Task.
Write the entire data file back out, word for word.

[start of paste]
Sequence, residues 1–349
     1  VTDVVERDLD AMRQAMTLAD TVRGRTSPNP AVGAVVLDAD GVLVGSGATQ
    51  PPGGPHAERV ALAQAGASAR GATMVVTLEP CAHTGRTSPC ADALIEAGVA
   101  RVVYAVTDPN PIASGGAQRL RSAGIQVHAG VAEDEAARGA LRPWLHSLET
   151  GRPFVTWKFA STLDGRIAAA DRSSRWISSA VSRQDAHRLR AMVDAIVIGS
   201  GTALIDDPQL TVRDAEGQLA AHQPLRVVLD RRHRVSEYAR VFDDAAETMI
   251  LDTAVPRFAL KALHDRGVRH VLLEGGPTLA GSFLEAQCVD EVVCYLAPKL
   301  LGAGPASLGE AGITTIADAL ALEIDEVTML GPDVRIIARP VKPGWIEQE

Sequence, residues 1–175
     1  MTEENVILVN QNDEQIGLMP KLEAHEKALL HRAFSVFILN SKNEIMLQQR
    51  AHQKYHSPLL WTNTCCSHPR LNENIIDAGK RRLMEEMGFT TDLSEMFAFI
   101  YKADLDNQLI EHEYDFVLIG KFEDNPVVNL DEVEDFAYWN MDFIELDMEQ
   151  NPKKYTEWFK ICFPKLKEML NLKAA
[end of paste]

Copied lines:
Sequence, residues 1–349
     1  VTDVVERDLD AMRQAMTLAD TVRGRTSPNP AVGAVVLDAD GVLVGSGATQ
    51  PPGGPHAERV ALAQAGASAR GATMVVTLEP CAHTGRTSPC ADALIEAGVA
   101  RVVYAVTDPN PIASGGAQRL RSAGIQVHAG VAEDEAARGA LRPWLHSLET
   151  GRPFVTWKFA STLDGRIAAA DRSSRWISSA VSRQDAHRLR AMVDAIVIGS
   201  GTALIDDPQL TVRDAEGQLA AHQPLRVVLD RRHRVSEYAR VFDDAAETMI
   251  LDTAVPRFAL KALHDRGVRH VLLEGGPTLA GSFLEAQCVD EVVCYLAPKL
   301  LGAGPASLGE AGITTIADAL ALEIDEVTML GPDVRIIARP VKPGWIEQE

Sequence, residues 1–175
     1  MTEENVILVN QNDEQIGLMP KLEAHEKALL HRAFSVFILN SKNEIMLQQR
    51  AHQKYHSPLL WTNTCCSHPR LNENIIDAGK RRLMEEMGFT TDLSEMFAFI
   101  YKADLDNQLI EHEYDFVLIG KFEDNPVVNL DEVEDFAYWN MDFIELDMEQ
   151  NPKKYTEWFK ICFPKLKEML NLKAA